But…not so fast. I want to see how Guided mode works. You can see once you click on the levels palette a very brief instructional appears. It describes how the level adjustments work in an easy to understand manner. Click “done” and you get to try out the levels palette…
The first thing that happens is Adobe Photoshop Elements creates a new layer. It’s what they call an adjustment layer, so you can make the adjustments to the photo that you want, but if you change your mind you can come back to the layer and edit again later. Here you can name the layer.
Now the Level palette appears. The first thing you notice is that you get a little chart-looking thing. That’s a histogram genius. By adjusting the little arrows on the bottom of the histogram, you can lighten or darken different value ranges in the photo. The little triangle slider on the left is for shadows, the one in the middle for midtones and on the right, for highlights.
I slid the midtones slider to the left, essentially lightening all of the midtones in the photo. Her face is lighter and I have achieved pretty much the same result I did in quick edit mode. There are more options for adjusting using the levels palette but I can only skim the surface here.
Now back to the original shot to edit with Expert mode. In expert mode, I’m going to focus on just adjusting the levels of my daughter, and not the rest of the photo. And show off that I’m an expert. (naaahh.) To do this I need to select the area of the photo I’d like to adjust. I use the Lasso selection tool and traced the area around my daughter. The Lasso tool looks like a lasso. Genius. See the little white and black line around her? Well that’s the selected area, and on screen it looks like marching ants walking around her.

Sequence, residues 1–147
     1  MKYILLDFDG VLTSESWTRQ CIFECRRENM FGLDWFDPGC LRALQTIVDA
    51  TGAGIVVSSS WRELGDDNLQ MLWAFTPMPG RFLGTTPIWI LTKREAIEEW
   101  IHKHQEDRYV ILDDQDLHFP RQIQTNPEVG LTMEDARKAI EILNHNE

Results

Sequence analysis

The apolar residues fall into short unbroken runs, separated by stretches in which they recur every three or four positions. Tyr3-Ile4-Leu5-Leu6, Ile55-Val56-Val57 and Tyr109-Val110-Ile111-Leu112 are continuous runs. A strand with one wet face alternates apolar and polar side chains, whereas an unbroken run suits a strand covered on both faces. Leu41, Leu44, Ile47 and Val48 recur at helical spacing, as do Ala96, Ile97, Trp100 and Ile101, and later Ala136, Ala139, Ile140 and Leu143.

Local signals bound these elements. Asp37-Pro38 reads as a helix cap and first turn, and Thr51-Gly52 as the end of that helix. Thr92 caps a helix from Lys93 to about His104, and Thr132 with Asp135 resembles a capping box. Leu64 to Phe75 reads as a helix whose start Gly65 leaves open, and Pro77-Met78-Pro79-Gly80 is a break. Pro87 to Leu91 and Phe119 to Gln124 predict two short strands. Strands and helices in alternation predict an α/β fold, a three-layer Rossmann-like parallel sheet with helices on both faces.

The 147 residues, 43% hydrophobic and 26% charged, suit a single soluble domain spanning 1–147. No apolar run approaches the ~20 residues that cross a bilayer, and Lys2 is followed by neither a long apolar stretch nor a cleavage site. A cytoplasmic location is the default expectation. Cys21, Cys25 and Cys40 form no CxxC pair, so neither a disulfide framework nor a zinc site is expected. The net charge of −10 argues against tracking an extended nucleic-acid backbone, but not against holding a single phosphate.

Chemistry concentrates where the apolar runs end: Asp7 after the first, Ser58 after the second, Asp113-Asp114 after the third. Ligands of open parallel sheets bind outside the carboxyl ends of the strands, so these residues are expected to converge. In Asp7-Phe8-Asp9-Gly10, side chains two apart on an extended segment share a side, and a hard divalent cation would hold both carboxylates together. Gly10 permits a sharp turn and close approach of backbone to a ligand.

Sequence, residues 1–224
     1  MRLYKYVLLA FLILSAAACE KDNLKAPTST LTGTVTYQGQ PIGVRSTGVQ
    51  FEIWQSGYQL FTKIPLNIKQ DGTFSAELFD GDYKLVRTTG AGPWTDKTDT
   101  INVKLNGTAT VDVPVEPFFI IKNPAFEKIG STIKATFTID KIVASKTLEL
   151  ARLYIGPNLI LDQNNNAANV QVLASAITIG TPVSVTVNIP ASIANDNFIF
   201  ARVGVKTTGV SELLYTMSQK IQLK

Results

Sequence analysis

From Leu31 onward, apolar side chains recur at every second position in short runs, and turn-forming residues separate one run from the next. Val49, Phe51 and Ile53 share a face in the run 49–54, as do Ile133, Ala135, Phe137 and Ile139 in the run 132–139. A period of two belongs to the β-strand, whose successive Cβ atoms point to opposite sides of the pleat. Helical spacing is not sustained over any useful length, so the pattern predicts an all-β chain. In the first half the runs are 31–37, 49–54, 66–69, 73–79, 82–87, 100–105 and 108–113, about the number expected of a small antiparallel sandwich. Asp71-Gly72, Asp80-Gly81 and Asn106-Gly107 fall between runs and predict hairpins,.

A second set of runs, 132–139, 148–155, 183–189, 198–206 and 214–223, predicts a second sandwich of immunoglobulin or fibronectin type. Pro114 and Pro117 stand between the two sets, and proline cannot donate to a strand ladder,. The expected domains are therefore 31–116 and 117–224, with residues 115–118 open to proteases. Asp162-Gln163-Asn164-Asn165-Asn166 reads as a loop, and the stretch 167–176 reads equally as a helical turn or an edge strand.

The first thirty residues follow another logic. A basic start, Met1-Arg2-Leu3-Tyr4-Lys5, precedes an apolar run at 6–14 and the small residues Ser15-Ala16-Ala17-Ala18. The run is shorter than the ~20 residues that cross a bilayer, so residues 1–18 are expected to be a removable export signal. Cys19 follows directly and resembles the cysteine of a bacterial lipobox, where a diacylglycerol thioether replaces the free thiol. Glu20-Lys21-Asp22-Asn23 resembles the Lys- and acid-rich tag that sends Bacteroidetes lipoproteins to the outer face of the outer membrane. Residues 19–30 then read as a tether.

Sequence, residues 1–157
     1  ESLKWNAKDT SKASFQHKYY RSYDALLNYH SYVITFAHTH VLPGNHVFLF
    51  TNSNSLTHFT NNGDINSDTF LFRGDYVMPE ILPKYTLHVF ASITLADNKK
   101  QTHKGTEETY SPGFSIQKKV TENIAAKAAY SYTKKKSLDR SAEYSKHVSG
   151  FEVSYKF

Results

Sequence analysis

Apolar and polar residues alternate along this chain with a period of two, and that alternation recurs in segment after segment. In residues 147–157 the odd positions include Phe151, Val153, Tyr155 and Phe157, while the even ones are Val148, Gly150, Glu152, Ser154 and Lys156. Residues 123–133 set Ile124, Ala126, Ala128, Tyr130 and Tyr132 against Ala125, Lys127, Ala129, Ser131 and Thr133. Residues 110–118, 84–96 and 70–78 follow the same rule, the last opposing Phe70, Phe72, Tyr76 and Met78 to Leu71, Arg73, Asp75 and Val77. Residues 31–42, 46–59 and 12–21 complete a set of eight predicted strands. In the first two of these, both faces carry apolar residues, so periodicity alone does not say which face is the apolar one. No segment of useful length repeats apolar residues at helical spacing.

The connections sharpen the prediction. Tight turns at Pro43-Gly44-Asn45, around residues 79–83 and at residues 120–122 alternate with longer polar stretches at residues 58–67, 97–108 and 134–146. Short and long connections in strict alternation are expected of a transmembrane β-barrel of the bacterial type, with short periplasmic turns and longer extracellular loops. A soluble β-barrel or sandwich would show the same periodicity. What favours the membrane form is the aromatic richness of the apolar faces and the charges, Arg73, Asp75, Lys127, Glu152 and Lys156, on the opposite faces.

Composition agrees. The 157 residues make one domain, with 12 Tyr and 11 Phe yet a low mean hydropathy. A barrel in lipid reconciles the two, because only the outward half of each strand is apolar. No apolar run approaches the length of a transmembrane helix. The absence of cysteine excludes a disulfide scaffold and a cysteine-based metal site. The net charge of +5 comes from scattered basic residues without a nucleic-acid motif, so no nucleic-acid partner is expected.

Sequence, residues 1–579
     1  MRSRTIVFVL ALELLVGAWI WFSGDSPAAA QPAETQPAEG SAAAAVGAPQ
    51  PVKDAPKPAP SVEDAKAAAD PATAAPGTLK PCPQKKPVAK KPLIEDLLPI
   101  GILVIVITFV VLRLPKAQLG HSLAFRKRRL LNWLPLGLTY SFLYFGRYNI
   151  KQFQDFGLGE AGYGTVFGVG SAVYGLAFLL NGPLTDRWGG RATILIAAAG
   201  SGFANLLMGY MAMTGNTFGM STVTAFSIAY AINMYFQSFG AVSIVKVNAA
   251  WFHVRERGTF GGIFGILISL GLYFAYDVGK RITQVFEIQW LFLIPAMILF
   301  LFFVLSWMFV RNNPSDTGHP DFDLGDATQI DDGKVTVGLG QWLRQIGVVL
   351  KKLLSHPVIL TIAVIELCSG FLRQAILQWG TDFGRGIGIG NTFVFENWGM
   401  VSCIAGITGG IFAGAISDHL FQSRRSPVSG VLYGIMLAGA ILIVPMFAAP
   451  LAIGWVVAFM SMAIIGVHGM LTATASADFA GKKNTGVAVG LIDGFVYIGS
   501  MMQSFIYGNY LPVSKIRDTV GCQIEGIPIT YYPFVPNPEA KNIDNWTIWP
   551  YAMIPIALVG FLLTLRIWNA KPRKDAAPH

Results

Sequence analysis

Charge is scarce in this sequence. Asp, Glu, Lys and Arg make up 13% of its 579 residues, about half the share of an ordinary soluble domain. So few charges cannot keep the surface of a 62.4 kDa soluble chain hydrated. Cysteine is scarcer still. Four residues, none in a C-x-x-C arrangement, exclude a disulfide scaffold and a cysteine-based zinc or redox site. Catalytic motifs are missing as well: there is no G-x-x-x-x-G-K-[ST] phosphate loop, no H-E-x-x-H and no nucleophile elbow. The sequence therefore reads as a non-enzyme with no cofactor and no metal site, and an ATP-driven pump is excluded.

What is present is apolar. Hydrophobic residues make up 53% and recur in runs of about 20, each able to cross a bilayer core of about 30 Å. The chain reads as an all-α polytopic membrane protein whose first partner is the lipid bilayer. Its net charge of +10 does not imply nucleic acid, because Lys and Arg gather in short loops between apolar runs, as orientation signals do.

Now, I will create an adjustment layer, just like editing in Guided mode did for me. But I’m doing it myself because I’m an expert genius. Go to Layer > New Adjustment Layer > Levels…
Name your adjustment layer…
And now the levels palette appears. You’ll notice on the right side of the screen I have the layers palette shown. You can see the adjustment layer highlighted in blue, but you’ll also notice there is a little black and white icon—that’s a layer mask. The layer mask was created automagically since I had a selection active when I made the adjustment layer. This means any adjustment I make will only affect the selected area (the white area in the little icon).
So now I make my level adjustments and my daughter is looking better. And because I used the adjustment layer/layer mask, my adjustments do not affect the rest of the photo, where the exposure is okay.
Here’s the finished shot. It looks better but could still use some work overall. But that’s for another time. You get the picture. lol.
And that’s three ways to solve your problem using Adobe Photoshop Elements. For many of you, just a few clicks and you’re off and running. For those genius know-it-all experts, you can see that the same power-packed features available to you in Photoshop are right here in a lighter, faster package. Now feel free to comment about the 8,000 other ways you would have approached this. ‘Cause you will. And you can visit the Adobe Photoshop Elements Facebook Page and share your work, find other tips or maybe tweet and let the awesome folks at Adobe know Dadand sent you—because we’re good at giving directions.
Disclosure: Dadand received review software and compensation to test and post about Adobe Photoshop Elements—a company whose products we love and use everyday. We believe in every product and service we review at Dadand, and promise to tell the whole truth and nothing but the truth.
Thanks for coming.